The following was written by Erin Pridgen LPC, RPT. Erin is a Registered Play Therapist and Liscensed Professional Counselor at the Summit Counseling Center in Johns Creek, GA. Her areas of specialty include working with children on the autism spectrum, anxiety and depression, learning disabilities, divorce, grief, and child/parent therapy.
When a family is dealing with the trials and tribulations of childhood cancer, many aspects of life get neglected. Out of necessity, schedules change, you have to back out of activities you’ve signed kids up for or that you’ve agreed to go to, you’re less available to friends and family, you can’t be the room parent at the elementary school, and those are just a few examples. The physical, mental and emotional toll taken on families is more intense than anyone can understand. The most difficult area of unintentional change comes when parents must spend so much of their time focusing on the child patient that they have less time and energy to spend on their other children at home.
In every family, there is a need for balance. This need only increases when a childish diagnosed with cancer. Stability and consistency in a child’s life establish a sense of safety and security. This sense of safety and security is what helps a child cope with the unexpected changes in life that are guaranteed to happen at one time or another. Maintaining this kind of balance is even more important when a family is dealing with the upheaval of cancer, yet it’s the much more difficult to do. While one might assume that child patient is most affected by these changes, their siblings are equally affected but in different ways.
Siblings often fall into one of a few categories when it comes to dealing with change around a major life event like a cancer diagnosis. First is the child who wants to do all her can to help and so always puts his best foot forward and foes with the flow of change on the outside – even if he is screaming on the inside with fear, worry and a host of other emotions. Second is the child who fights the change and pitches her own special brand of fit – mostly filled with resentment, guilt, and a host of other emotions. Third is the kid who just sinks quietly into the background so he won’t cause any further disruption in the family’s life while he, like the first kid, suffers on the inside. Finally is the kid who is any combination of the above depending on the day. Different kids react differently to change. Children don’t often have the capacity to tell parents how they feel about what’s going on, especially younger children. However, for all children, their behavior can be a parent’s guide to determining how they are coping.
What behaviors should you look for? There are as many different behaviors as there are kids but most behaviors fall into a few categories. The first category is school. Are her grades dropping? How are her friendships? Is she getting into more trouble than usual? The worry and fear that a sibling feels in response to her brother’s or sister’s illness can easily creep into school causing more distractions, irritability and impulsivity.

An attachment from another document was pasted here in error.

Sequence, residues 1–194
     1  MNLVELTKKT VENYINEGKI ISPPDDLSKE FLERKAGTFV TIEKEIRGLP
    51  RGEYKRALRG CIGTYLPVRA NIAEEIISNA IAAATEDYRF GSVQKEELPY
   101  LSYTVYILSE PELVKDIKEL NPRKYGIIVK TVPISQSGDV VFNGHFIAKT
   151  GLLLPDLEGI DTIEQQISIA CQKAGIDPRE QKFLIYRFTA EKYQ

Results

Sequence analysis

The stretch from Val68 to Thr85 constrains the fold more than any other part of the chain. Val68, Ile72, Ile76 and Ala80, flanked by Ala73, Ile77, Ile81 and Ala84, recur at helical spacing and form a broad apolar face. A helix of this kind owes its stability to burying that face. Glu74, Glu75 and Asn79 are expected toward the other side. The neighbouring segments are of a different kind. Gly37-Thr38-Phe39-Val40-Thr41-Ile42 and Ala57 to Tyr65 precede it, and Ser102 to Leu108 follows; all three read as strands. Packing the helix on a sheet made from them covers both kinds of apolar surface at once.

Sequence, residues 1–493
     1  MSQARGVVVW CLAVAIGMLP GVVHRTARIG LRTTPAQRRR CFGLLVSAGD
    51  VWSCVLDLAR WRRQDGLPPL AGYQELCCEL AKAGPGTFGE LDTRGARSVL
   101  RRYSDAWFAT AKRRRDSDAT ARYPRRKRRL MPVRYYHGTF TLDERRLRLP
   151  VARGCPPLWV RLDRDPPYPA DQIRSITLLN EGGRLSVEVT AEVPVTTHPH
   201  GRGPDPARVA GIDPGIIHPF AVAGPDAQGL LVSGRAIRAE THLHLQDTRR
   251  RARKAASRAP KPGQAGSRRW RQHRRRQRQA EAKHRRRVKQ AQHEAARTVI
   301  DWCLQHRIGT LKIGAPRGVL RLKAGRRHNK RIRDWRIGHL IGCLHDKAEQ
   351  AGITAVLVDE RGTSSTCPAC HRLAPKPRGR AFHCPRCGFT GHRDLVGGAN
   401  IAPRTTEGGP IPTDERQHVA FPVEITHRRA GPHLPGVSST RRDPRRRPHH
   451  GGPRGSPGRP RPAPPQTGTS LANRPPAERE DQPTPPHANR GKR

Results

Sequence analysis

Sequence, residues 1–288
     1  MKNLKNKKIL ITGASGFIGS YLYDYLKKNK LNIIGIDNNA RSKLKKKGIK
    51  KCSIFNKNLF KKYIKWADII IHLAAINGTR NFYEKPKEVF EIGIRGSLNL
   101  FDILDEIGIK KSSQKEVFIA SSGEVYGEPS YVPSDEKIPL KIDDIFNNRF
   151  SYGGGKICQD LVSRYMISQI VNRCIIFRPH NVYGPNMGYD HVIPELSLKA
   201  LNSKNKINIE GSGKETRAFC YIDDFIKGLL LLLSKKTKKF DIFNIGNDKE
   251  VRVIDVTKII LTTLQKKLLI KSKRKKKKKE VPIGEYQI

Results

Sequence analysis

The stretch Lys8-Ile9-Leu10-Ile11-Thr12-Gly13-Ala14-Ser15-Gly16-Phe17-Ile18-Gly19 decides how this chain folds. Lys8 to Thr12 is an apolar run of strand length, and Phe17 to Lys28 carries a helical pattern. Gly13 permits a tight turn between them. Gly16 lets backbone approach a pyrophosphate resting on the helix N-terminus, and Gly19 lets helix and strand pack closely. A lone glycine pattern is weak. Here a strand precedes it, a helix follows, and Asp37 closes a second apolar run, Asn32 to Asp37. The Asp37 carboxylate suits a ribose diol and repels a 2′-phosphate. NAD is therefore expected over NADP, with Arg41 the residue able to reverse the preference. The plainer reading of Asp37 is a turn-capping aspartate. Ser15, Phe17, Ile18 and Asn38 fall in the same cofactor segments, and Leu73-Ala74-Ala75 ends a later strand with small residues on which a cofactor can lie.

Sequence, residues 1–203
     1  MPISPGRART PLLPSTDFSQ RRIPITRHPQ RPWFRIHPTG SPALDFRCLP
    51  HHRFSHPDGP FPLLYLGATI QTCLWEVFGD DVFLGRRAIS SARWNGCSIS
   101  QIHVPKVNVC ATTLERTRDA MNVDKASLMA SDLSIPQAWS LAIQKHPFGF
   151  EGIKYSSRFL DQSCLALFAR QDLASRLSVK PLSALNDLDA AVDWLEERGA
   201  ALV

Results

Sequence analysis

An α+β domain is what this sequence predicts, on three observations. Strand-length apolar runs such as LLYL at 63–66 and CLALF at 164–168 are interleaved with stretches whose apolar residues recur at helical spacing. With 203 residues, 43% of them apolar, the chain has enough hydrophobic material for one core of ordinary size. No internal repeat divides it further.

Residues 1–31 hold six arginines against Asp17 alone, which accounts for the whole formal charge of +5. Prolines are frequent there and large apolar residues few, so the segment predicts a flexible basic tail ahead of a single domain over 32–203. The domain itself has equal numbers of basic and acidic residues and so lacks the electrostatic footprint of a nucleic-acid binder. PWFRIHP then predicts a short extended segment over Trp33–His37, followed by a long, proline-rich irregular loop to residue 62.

The second category is eating and sleeping. Is he eating more/less during times of heightened stress? Is he struggling to fall asleep, waking up in the middle of the night, or having nightmares? Changes in these habits also lead to more irritability, hypersensitivity and general crabbiness which is out of the ordinary.
The last category is behavior and mood. They key here (as with all of the others) is change. Kids might have a tendency to act out more, talk back more and be less responsive to discipline which always worked before. Is the child crying more or just crying over simple little things that don’t seem like a big deal? Is she withdrawing to her room? Is she arguing with her siblings (or parents, or friends) more? Overall, uncharacteristic changed which last longer than normal are the key indicators that siblings are struggling more than they might care or have the capacity to admit.
The number one way to help you child cope with the major changes in their lives is to make sure they feel heard. Allow your kids to voice their frustrations. If they don’t speak up, acknowledge their frustration anyway. “This week has been rough for you. It’s not easy when our family schedule is always changing.” “You’re disappointed that mom and Suzie can’t make it home in time for your soccer game.” All children primarily want to feel heard and understood. Another way to help your kids cope with you being less available is to make the most out of the time you have. Quality over quantity makes a difference. Car rides, ned time talks, and meal times are things which can stay more consistent and therefore give you the opportunity to be fully present with your kids.
Lastly, help your kids feel a sense of control with the kinds of choices you give them. Different choices are appropriate for different kids, and you may have to get creative at times. However, choices over how kids do certain things are a great way to empower them to take healthy control over what they can.
Kids of all ages can be extraordinarily resilient. Many kids even find their own ways of coping without needing a lot of assistance. The child’s mind is very powerful and has an amazing capacity to create strength, hope and resiliency when needed. Your kids will let you know what they need in one way or another. Be attuned to them and they will guide you.
For more information about Erin or CURE’s counseling program, contact Lisa Branch at 770-986-0035 or firstname.lastname@example.org.